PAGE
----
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Disabled push to get back to work

Just because an individual might be eligible to receive Social Security Disability does not mean that he or she has no intention of working. However, the reason that such a large amount of people receive the payments is that jobs are statistically harder to come by for those with disabilities.

Numbers from the Labor Department reveal that roughly 27 million working-age people in Pennsylvania and across the United States suffer from a disability. Of those, less than 19 percent held jobs. The number of people with disabilities who had jobs, dropped by one million since September of 2008, making for a 17 percent plummet. This number is far different for Americans without disabilities, of which 65 percent held jobs as of present day.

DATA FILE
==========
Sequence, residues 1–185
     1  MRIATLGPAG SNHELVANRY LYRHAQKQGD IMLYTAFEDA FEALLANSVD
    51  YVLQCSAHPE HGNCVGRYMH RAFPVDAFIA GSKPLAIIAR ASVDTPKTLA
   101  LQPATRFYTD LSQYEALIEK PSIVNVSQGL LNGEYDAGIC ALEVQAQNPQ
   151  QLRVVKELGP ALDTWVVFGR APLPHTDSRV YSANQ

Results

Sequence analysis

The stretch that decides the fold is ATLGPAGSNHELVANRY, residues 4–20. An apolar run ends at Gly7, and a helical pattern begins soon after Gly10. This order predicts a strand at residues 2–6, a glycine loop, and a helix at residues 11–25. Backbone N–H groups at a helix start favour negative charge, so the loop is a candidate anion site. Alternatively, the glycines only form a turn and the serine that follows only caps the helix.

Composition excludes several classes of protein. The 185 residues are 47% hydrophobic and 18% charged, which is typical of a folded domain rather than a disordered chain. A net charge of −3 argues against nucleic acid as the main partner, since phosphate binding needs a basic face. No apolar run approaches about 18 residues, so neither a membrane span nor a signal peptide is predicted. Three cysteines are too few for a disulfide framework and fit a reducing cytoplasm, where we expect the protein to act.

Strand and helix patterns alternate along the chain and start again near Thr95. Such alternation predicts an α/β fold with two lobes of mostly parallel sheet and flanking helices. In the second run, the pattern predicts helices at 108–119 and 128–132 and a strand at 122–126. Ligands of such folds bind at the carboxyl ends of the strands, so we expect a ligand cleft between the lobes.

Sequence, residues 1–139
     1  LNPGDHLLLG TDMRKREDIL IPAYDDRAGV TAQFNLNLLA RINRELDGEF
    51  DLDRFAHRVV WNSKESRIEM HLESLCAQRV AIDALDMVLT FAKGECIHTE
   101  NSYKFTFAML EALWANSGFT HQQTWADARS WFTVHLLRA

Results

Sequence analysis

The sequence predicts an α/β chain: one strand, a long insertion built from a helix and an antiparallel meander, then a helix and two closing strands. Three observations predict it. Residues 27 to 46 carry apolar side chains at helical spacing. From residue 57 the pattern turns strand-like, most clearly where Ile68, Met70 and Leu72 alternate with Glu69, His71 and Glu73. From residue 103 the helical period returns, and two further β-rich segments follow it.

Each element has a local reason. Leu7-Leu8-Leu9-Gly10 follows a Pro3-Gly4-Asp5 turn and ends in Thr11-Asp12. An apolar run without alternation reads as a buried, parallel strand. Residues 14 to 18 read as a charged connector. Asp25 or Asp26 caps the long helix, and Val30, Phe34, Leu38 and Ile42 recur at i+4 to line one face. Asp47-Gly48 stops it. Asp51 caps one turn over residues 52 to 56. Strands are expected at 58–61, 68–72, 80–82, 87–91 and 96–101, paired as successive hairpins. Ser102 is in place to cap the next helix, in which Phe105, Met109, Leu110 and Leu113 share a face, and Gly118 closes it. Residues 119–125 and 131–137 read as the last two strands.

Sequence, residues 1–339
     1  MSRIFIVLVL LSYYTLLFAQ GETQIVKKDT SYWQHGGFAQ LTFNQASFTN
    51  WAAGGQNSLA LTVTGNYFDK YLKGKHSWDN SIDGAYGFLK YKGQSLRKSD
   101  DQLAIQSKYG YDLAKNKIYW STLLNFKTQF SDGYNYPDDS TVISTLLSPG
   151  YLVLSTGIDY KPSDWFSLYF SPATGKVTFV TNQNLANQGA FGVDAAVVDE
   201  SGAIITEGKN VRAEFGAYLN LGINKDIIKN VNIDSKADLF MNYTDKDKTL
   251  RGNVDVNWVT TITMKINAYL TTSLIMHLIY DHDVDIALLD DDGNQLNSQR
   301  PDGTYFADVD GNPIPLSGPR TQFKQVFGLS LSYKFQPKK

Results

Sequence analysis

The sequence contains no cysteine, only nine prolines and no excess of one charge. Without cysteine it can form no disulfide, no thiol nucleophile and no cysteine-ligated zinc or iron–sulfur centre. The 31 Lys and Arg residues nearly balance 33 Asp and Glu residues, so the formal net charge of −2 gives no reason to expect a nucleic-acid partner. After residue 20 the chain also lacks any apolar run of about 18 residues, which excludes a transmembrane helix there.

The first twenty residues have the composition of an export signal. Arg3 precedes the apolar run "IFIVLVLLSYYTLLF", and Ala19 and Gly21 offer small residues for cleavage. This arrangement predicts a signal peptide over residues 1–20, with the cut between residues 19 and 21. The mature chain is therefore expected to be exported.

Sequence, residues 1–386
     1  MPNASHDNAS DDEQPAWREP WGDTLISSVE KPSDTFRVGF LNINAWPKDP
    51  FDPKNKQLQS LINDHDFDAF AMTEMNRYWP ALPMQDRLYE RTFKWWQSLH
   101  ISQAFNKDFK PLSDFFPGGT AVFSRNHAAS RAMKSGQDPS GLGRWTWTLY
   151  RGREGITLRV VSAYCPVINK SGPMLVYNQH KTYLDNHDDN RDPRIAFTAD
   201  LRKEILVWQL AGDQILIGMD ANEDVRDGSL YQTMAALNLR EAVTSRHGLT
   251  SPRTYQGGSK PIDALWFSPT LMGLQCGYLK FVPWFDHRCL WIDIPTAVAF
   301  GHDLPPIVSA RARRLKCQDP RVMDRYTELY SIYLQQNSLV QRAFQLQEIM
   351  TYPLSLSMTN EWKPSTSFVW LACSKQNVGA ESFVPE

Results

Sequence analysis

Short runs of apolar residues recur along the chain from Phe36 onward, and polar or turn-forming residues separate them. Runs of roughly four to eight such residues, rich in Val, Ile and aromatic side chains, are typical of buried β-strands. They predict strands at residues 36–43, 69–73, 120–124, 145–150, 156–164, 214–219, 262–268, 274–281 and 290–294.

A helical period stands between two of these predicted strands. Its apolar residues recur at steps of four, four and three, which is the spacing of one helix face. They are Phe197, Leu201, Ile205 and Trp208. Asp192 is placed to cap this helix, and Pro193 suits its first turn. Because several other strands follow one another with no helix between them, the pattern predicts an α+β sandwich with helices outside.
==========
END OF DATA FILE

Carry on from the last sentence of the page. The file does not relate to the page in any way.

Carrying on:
A lot of this has to do with the fact that disabled workers cannot get their foot in the proverbial door by getting someone to initially hire them. Advocates and organizations for disabled workers are combating this by creating programs where they contract disabled workers out to companies so the worker can receive the valuable experience. With this experience, the disabled worker becomes more employable.

With a growing number of businesses jumping on board with such programs, advocates for disabled workers are slowly starting to narrow the gap in unemployment between disabled and non-disabled workers.

At least this is the case for the younger demographic of disabled workers. Experts say older people with disabilities are less likely to have a college degree and therefore do not want to risk seeking employment in a turbulent economy and giving up the possibility of stable Social Security Disability payments. But disabled workers under the age of 35 are more likely to have a college degree and are hungry to join the work force.

Source: Pittsburgh Tribune-Review, "Disabled hail opportunity to narrow employment gap," Tom Fontaine, Oct. 24, 2011

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